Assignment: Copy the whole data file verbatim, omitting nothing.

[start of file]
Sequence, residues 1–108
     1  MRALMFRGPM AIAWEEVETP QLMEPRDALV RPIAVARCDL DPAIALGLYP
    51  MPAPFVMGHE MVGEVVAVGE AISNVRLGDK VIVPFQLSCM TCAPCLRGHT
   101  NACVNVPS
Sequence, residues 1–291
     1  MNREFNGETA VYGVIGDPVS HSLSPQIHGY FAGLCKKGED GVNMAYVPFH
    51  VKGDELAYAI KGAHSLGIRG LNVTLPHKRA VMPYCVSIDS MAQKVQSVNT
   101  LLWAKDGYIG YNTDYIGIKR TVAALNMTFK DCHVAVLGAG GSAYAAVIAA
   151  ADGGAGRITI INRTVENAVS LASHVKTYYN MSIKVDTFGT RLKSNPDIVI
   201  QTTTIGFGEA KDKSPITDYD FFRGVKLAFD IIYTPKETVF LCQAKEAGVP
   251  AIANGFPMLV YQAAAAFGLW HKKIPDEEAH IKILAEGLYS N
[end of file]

Sequence, residues 1–108
     1  MRALMFRGPM AIAWEEVETP QLMEPRDALV RPIAVARCDL DPAIALGLYP
    51  MPAPFVMGHE MVGEVVAVGE AISNVRLGDK VIVPFQLSCM TCAPCLRGHT
   101  NACVNVPS
Sequence, residues 1–291
     1  MNREFNGETA VYGVIGDPVS HSLSPQIHGY FAGLCKKGED GVNMAYVPFH
    51  VKGDELAYAI KGAHSLGIRG LNVTLPHKRA VMPYCVSIDS MAQKVQSVNT
   101  LLWAKDGYIG YNTDYIGIKR TVAALNMTFK DCHVAVLGAG GSAYAAVIAA
   151  ADGGAGRITI INRTVENAVS LASHVKTYYN MSIKVDTFGT RLKSNPDIVI
   201  QTTTIGFGEA KDKSPITDYD FFRGVKLAFD IIYTPKETVF LCQAKEAGVP
   251  AIANGFPMLV YQAAAAFGLW HKKIPDEEAH IKILAEGLYS N